cDNA cloning and expression of a novel cell surface-expressed heparan sulfate/heparin interacting protein (HIP) from human cell lines and functional studies of a synthetic HIP peptide

Shouchun Liu, The University of Texas Graduate School of Biomedical Sciences at Houston


Heparan sulfate proteoglycans and their corresponding binding sites have been suggested to play an important role during the initial attachment of blastocysts to uterine epithelium and human trophoblastic cell lines to uterine epithelial cell lines. Previous studies on RL95 cells, a human uterine epithelial cell line, characterized a single class of cell surface heparin/heparan sulfate (HP/HS)-binding sites. Three major HP/HS-binding peptide fragments were isolated from RL95 cell surfaces by tryptic digestion and partial amino-terminal amino acid sequence from each peptide fragment was obtained. In the current study, using the approaches of reverse transcription-polymerase chain reaction and cDNA library screening, a novel cell surface $\rm\underline{H}$P/HS $\rm\underline{i}$nteracting $\rm\underline{p}$rotein (HIP) has been isolated from RL95 cells. The full-length cDNA of HIP encodes a protein of 259 amino acids with a calculated molecular weight of 17,754 Da and pI of 11.75. Transfection of HIP cDNA into NIH-3T3 cells demonstrated cell surface expression and a size similar to that of HIP expressed by human cells. Predicted amino acid sequence indicates that HIP lacks a membrane spanning region and has no consensus sites for glycosylation. Northern blot analysis detected a single transcript of 1.3 kb in both total RNA and poly(A$\sp+$) RNA. Examination of human cell lines and normal tissues using both Northern blot and Western blot analysis revealed that HIP is differentially expressed in a variety of human cell lines and normal tissues, but absent in some cell lines examined. HIP has about 80% homology, at the level of both mRNA and protein, to a rodent protein, designated as ribosomal protein L29. Thus, members of the L29 family may be displayed on cell surfaces where they participate in HP/HS binding events. Studies on a synthetic peptide derived from HIP demonstrate that HIP peptide binds HS/HP with high selectivity and has high affinity (Kd = 10 nM) for a subset of polysaccharides found in commercial HIP preparations. Moreover, HIP peptide also binds certain forms of cell surface, but not secreted or intracellular. HS expressed by RL95 and JAR cells. This peptide supports the attachment of several human trophoblastic cell lines and a variety of mammalian adherent cell lines in a HS-dependent fashion. Furthermore, studies on the subset of HP specifically recognized by HIP peptide indicate that this high-affinity HP (HA-HP) has a larger median MW and a greater negative charge density than bulk HP. The minimum size of oligosaccharide required to bind to HIP peptide with high affinity is a septa- or octasaccharide. HA-HP also quantitatively binds to antithrombin-III (AT-III) with high affinity, indicating that HIP peptide and AT-III may recognize the same or similar oligosaccharide structure(s). Furthermore, HIP peptide antagonizes HP action and promotes blood coagulation in both factor Xa- and thrombin-dependent assays. Finally, HA-HP recognized by HP peptide is highly enriched with anticoagulant activity relative to bulk HP. Collectively, these results demonstrate that HIP may play a role in the HP/HS-involved cell-cell and cell-matrix interactions and recognizes a motif in HP similar or identical to that recognized by AT-III and therefore, may modulate blood coagulation.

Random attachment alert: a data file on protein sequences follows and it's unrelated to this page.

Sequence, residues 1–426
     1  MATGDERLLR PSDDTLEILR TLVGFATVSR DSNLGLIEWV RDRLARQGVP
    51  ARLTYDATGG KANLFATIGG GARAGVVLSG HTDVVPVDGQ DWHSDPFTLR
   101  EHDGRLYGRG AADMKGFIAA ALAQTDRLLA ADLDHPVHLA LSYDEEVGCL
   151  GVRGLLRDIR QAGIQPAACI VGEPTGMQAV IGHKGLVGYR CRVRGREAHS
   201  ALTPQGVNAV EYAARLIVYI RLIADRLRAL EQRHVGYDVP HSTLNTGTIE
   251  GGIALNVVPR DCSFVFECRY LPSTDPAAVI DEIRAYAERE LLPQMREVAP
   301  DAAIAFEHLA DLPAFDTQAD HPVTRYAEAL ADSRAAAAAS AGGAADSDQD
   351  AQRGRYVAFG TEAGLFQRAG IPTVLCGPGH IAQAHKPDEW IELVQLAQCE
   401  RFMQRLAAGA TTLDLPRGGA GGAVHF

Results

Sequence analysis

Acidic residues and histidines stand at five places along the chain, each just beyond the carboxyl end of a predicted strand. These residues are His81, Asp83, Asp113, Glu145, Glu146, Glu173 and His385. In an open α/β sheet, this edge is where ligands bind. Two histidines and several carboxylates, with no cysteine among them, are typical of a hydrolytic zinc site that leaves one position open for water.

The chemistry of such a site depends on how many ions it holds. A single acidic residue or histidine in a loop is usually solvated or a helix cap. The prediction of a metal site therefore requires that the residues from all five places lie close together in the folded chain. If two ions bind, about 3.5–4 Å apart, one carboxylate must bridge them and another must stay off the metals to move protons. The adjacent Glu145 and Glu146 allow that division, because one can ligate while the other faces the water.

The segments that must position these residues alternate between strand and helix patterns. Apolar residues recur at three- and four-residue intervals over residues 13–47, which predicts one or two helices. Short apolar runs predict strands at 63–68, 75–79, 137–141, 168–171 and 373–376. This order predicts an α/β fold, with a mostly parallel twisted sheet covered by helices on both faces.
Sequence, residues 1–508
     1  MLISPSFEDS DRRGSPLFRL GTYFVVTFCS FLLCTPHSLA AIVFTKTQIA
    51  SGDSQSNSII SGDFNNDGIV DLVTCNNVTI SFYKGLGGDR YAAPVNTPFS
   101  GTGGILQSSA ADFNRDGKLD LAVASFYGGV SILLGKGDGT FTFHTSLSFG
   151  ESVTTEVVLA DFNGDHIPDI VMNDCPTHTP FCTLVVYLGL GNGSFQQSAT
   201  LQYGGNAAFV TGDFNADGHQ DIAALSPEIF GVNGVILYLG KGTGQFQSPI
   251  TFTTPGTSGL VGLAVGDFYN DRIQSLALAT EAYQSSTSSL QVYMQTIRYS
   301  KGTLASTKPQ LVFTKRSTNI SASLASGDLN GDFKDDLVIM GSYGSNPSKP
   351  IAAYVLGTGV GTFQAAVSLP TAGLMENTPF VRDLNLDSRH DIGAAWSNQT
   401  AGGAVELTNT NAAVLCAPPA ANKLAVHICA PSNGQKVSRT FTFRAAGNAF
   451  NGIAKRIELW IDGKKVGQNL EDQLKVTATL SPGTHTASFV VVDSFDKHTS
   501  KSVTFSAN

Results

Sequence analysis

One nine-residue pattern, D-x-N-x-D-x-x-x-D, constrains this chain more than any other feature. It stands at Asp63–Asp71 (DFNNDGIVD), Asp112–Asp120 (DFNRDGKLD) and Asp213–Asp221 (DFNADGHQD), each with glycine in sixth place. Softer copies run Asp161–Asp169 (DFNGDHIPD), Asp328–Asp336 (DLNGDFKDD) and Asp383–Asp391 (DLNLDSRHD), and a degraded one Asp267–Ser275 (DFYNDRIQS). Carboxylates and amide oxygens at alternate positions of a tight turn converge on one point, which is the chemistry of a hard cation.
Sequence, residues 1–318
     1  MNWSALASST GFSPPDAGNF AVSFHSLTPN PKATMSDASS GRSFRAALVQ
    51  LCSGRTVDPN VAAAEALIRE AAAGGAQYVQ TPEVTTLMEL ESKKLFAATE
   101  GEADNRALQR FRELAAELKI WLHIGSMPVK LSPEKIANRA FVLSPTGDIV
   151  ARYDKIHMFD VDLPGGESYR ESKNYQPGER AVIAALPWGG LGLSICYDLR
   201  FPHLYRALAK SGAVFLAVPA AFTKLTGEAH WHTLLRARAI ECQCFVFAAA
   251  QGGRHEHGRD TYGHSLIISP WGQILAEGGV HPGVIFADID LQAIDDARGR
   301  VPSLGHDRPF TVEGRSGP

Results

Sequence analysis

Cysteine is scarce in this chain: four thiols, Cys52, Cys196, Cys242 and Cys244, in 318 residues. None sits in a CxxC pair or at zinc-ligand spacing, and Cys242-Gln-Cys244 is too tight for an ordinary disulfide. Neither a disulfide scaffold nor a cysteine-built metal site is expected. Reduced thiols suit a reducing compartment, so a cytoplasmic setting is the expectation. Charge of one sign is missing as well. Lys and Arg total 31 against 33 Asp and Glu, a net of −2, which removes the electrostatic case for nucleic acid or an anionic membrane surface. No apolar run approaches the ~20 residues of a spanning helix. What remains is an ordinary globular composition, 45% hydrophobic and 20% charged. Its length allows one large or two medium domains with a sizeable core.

Subject Area

Molecular biology|Cellular biology

Recommended Citation

Liu, Shouchun, "cDNA cloning and expression of a novel cell surface-expressed heparan sulfate/heparin interacting protein (HIP) from human cell lines and functional studies of a synthetic HIP peptide" (1995). Texas Medical Center Dissertations (via ProQuest). AAI9610012.